The Chinese New Year (Yuan Tan) is January 23, 2012, this year. The Chinese New Year is a day filled with hope because it is a day when Chinese debts are paid, accounts settled, and grudges forgotten.
Because “red” is a symbol of happiness to all Chinese, the Chinese decorate their homes in red for the Chinese New Year. On the Eve of Yuan Tan, many family dinners include fish, one of the Chinese symbols for prosperity.
Similar to American Greeting cards, these envelopes, with gold calligraphy decorations, are given to special friends to express wishes for their good luck and happiness.
The Chinese New Year is the most important holiday celebrated by Chinese all over the world. As part of the happy celebration, windows and doors have good luck seals placed over them.
The banner-like seals convey positive wishes for Good Luck, Long Life, and Good Health, etc. On Yuan Tan morning, Chinese children break the banner-like seals.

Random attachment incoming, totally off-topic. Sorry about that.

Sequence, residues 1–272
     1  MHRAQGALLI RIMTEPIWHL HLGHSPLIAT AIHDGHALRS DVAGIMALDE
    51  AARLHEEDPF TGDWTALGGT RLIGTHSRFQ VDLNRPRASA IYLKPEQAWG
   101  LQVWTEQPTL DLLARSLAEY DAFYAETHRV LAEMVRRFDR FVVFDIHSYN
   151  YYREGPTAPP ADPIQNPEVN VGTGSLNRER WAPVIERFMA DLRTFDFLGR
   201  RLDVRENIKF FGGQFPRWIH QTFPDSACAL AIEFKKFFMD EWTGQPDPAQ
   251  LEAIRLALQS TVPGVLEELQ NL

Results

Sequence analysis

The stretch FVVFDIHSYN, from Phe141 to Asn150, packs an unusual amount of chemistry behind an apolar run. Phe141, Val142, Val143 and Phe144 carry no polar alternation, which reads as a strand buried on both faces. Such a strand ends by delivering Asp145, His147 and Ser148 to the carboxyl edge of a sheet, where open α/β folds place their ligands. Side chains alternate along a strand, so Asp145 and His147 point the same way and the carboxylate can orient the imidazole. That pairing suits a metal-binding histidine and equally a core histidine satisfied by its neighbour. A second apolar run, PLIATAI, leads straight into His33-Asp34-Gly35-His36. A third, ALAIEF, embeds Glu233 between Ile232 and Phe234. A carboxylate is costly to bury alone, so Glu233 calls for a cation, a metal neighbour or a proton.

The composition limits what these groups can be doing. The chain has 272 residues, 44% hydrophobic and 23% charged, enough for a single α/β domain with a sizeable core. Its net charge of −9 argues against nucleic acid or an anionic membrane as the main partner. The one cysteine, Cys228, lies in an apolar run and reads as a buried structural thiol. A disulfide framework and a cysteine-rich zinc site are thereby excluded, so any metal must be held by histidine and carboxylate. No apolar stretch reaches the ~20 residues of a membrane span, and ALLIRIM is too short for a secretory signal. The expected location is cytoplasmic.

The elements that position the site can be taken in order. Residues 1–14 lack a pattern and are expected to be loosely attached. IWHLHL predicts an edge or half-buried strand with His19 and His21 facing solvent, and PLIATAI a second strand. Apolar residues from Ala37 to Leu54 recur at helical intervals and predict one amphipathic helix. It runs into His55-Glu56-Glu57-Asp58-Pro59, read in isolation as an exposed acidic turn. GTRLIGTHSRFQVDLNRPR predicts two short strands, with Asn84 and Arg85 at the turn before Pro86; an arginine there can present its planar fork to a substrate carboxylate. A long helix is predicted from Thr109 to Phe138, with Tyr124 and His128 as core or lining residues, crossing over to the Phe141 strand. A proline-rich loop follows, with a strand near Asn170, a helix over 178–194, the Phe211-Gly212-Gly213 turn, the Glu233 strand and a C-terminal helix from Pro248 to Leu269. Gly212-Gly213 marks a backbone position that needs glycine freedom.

One Chinese seal says, “See joy when you raise your head.” It quickly became one of my favorite sayings. The saying also reminds me of a new blogging friend, Perennial Optimist Kate Kresse at Believe Anyway,
Kate recently initiated a new project called The Joy Forwarding Project, in which A Hope for Today is currently participating. Kate will be sharing more about this project in the near future; but, for now, I understand that Kate is simply asking people to forward or send joy to others.
Even though I am not Chinese, I am sending Kate my version of a lai see–this blog post– with an early, special wish for her personal happiness and good luck with The Joy Forwarding Project.
May Kate and everyone who participates in the project find ways to share much joy with others. May anyone who reads this post…
In honor of the Chinese New Year, you may also want to send someone a special wish or lai see. You can send your hope for them to have joy, love, peace, good luck, long life, good health, prosperity, and many wonderful things. People don’t have to be Chinese to share such a wonderful, positive tradition.
新年快乐 and 新年快樂
Below is a YouTube video about printing lai see envelopes.
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